We are now in plans to scale up the intervention in Odisha in partnership with Odisha Millets Mission through NCDS and Mission Shakti SHGs in Bhubaneswar in partnership with Army Wives Association (AWA). In the long run, the Government might focus on the creation of ecosystems so that self-sustaining nutrition centric micro-enterprises/startups can flourish. This may play an important role in a socially devolved system towards strengthening both food and nutrition security.

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One thought on ““A Discussion on Diet During COVID-19 Lockdown” – An Interview with Prof Sumantra Ray, Founding Chair & Executive Director, The NNEdPro Global Centre for Nutrition and Health in Cambridge (UK)

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  1. There is awarenes now about millet intake insted of usual grain wheat/ rice. In order to encash on this aware ness there is urgent need to cover the gap and take the millet from the millet producing states to the consumers, especially, in the north indian states.-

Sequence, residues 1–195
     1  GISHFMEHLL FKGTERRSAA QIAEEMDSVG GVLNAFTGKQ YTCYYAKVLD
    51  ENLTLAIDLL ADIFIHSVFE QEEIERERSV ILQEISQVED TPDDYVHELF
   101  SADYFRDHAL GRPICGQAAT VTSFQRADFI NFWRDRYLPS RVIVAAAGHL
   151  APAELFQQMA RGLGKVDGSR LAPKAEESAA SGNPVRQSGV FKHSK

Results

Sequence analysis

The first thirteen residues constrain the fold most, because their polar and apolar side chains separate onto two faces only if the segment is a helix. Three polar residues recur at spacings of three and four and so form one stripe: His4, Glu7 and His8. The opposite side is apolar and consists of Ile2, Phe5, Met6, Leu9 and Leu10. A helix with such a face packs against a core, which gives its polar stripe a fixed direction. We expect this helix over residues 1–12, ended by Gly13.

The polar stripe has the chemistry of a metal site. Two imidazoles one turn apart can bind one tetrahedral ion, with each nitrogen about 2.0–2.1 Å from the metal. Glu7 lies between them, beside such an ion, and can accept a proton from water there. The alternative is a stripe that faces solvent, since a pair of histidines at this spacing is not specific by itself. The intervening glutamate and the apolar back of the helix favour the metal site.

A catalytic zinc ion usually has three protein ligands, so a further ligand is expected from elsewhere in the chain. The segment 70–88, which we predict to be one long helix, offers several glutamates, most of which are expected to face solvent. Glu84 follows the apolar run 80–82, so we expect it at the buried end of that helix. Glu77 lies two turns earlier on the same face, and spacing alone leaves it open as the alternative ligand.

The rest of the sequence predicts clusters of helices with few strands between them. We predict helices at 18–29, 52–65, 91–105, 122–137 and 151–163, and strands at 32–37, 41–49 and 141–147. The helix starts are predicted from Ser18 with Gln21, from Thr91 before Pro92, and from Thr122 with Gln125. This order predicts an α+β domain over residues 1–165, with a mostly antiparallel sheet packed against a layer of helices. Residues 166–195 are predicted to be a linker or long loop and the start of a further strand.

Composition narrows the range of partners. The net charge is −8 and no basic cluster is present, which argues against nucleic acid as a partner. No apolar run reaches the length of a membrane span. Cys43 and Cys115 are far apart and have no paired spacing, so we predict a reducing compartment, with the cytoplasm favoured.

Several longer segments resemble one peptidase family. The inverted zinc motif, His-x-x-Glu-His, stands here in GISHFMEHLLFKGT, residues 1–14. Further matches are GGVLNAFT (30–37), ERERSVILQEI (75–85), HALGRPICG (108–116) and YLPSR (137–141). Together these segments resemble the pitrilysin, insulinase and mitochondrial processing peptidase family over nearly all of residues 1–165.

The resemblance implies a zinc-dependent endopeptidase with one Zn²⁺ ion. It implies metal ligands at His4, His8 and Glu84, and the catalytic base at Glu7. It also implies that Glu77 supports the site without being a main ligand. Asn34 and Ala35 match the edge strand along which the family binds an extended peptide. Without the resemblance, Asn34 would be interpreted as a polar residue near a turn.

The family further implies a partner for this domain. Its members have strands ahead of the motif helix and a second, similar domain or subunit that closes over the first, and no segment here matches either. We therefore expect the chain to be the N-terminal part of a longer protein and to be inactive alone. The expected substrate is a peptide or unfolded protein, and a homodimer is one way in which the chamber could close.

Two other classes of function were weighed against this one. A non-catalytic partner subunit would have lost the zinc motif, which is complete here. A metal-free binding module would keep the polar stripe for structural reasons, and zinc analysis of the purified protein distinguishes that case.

1. In small consumable say 1 or half kg packs.
    2. The pack should contain a flyer listing it’s medical benefits and nutrition value visa – visa usual grain wheat/ rice.
    3. To popularise millet intake, it should be sold at affordable price.
    4. Kendriya bhandars
    / Defence canteens/ PDS shops can be approached for its reach to the consumers.
    5. Private players, Big bazar, Reliance fresh and other online grocery platforms can also be used.
    6. Millet diet may be included in the schools free lunch diet accross India.
    7. It will go a long way to shift from water consuming grain crops to less water consuming millet crops, and also to provide healthy and nutritious diet to the Indian masses at budget affordable cost.